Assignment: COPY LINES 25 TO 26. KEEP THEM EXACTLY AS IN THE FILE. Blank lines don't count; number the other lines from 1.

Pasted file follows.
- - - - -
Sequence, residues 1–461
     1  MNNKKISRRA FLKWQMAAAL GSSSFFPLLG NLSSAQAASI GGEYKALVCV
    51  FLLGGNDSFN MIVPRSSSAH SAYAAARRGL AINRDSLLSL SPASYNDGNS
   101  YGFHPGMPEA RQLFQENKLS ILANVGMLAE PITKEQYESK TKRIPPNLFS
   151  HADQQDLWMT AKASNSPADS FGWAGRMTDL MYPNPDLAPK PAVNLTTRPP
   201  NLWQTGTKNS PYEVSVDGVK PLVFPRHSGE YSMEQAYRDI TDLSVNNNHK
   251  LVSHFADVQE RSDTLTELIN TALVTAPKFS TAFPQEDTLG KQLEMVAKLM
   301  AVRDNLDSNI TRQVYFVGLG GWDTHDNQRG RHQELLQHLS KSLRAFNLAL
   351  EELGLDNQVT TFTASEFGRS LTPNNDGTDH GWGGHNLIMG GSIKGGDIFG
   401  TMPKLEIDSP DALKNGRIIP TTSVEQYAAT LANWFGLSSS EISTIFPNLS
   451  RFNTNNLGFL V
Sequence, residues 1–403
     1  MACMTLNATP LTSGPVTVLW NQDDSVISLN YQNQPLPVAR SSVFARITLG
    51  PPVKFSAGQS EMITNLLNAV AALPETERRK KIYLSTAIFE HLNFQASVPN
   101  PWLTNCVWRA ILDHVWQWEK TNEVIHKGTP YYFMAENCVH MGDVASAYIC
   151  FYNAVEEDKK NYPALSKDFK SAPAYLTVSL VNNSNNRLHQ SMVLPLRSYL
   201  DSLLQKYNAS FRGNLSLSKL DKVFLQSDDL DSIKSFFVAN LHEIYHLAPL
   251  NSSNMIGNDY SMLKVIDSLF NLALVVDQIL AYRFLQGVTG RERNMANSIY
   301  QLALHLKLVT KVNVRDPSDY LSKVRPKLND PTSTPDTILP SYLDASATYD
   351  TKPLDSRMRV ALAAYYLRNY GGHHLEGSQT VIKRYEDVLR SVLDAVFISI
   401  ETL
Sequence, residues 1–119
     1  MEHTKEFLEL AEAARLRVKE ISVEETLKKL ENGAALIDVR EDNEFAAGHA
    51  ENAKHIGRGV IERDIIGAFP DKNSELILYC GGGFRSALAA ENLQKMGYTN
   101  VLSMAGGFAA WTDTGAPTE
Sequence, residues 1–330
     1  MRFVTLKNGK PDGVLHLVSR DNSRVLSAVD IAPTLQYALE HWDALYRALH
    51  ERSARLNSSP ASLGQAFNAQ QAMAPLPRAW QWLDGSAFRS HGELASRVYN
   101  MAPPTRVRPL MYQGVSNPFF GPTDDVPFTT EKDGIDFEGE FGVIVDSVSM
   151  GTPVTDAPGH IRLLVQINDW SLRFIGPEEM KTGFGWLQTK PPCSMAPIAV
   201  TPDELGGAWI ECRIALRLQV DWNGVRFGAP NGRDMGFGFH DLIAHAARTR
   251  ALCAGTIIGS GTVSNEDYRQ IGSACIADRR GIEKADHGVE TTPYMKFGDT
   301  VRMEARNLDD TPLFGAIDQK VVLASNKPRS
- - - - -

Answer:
   101  VLSMAGGFAA WTDTGAPTE
Sequence, residues 1–330